“If we can’t manage to monitor a college game, how can we monitor an NFL game? This is revenue-building at all costs,” said Day One Executive Director Christy Zamani.

Bogaard said city officials would review enforcement of tailgating policies and step up efforts to clean up trash left behind by stadium visitors.

 
City Council approves NFL plan after granddaddy of fight at Pasadena City Hall 
 
 http://www.pasadenastarnews.com/
 
 Updated: November 20, 2012 7:14:12 AM PST
 
 
 
 
 Randy Riggs who moved to the Rose Bowl area in 2001 is against the city adopting a new amendment to allow for additional NFL football games at the Rose Bowl. He does not believe football fans will obey the rules. A large crowd attended the Pasadena City Council meeting Monday, to protest the city adopting a new city ordinance that would allow more than double the number events at the Rose Bowl each year. (SGVN/Photo by Walt Mancini)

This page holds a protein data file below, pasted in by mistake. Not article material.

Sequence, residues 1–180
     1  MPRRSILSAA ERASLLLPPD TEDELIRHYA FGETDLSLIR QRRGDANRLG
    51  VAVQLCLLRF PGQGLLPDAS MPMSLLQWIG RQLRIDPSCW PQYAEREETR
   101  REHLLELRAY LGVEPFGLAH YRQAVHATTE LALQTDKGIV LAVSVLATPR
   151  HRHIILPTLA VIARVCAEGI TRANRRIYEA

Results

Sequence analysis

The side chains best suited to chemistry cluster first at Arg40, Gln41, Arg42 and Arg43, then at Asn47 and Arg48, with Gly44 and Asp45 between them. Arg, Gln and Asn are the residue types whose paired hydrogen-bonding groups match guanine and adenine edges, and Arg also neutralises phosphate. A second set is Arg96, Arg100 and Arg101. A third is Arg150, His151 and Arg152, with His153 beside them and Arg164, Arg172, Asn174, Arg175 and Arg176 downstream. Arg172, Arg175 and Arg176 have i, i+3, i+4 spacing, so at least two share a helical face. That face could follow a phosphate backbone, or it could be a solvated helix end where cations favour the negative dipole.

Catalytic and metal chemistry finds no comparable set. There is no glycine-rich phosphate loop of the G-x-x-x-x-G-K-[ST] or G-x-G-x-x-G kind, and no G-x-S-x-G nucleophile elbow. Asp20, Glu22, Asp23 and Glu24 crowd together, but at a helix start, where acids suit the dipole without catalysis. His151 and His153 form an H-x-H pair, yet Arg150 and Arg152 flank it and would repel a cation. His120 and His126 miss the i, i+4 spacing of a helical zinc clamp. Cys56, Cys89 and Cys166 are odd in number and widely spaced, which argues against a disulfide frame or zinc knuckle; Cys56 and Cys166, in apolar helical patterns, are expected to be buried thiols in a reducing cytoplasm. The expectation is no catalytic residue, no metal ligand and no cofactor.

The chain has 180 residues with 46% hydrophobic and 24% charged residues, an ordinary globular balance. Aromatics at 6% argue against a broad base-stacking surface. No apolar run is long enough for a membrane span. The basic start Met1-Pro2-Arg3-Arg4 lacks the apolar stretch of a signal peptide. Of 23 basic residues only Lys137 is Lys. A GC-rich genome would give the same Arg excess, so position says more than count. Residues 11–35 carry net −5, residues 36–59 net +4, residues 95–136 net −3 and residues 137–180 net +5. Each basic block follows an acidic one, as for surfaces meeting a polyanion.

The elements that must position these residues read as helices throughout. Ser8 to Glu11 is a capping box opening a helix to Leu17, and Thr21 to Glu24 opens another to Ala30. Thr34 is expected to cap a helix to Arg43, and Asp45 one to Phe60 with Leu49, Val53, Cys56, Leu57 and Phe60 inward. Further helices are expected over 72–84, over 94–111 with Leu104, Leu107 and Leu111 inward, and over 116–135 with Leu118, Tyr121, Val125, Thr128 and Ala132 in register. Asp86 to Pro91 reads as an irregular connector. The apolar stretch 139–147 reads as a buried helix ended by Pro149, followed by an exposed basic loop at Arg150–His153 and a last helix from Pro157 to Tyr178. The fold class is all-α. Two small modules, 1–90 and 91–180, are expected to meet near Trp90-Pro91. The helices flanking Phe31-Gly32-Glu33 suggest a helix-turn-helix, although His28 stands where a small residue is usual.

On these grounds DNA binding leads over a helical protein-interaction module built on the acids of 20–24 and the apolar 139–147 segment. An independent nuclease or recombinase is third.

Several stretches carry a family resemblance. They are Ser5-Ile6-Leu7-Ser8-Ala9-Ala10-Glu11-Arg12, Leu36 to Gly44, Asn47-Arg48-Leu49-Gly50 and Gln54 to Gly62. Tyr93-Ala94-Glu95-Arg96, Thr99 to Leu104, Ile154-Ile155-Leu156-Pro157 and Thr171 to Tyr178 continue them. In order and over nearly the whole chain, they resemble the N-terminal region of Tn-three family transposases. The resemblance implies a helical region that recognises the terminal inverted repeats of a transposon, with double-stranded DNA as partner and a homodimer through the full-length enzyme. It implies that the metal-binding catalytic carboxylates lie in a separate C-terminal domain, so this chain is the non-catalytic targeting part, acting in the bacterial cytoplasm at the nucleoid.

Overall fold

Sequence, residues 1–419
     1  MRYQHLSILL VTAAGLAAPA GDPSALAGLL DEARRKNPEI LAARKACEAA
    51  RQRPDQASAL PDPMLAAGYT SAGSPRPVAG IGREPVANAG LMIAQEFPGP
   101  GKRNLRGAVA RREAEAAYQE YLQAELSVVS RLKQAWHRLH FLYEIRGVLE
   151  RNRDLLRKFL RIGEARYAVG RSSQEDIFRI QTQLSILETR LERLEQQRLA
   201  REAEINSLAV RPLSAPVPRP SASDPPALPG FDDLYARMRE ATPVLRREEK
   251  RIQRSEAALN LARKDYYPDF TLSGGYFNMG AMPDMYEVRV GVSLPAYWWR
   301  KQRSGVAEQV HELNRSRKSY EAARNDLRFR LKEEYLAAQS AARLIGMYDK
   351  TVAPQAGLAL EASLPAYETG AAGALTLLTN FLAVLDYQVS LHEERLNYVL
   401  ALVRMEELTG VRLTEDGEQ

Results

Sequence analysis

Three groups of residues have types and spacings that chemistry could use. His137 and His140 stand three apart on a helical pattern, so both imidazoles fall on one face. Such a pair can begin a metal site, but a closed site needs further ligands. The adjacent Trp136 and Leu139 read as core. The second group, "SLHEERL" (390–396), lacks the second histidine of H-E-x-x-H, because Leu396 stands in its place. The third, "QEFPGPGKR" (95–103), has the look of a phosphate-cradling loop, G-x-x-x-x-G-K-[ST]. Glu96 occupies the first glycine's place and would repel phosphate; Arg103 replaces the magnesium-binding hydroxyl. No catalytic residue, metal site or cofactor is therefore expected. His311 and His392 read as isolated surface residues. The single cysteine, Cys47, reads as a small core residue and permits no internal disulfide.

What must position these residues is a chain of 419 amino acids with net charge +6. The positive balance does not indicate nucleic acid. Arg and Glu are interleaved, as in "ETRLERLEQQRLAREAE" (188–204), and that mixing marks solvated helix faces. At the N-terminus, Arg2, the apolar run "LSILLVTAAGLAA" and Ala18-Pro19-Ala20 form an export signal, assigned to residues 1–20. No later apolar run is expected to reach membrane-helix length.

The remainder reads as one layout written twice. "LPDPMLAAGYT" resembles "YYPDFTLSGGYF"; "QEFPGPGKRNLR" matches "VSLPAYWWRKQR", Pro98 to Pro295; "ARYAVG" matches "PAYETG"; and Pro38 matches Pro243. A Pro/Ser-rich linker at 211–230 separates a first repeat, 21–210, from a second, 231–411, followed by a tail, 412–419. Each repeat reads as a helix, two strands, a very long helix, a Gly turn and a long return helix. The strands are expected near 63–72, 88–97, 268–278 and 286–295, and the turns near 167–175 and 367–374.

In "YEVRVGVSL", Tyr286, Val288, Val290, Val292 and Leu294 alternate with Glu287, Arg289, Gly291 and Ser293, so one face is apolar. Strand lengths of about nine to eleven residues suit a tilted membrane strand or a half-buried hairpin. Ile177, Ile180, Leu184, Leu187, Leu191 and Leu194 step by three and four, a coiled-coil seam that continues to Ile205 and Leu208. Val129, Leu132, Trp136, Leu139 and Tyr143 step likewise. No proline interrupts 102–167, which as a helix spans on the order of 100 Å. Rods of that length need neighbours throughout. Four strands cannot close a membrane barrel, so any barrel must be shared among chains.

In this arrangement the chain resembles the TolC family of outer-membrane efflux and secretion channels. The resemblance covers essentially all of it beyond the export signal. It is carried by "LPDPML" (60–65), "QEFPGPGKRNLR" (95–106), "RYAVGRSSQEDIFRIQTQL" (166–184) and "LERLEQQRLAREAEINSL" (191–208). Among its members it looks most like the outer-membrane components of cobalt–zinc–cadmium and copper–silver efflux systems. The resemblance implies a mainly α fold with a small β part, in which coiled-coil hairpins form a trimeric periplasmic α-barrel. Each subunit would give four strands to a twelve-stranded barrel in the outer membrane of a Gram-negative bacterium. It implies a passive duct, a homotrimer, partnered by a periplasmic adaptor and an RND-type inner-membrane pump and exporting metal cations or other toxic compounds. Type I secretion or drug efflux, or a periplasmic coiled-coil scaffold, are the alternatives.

Jonas Peters, Professor of Chemistry living near the Rose Bowl showing photos of trash around the Rose Bowl one day after the UCLA-USC game. Peters is against a NFL using the Rose Bowl Stadium. A large crowd attended the Pasadena City Council meeting Monday, to protest the city adopting a new city ordinance that would allow more than double the number events at the Rose Bowl each year. This move would clear the way for the NFL to play at the Rose Bowl and would allow extra income to help pay for over budgeted Rose Bowl renovations. The move comes despite mass resistance by neighbors living near the stadium. (SGVN/Photo by Walt Mancini)

PASADENA - By a 7-1 margin early Tuesday morning, the City Council approved an ordinance to double the number of events at the Rose Bowl converged on City Hall.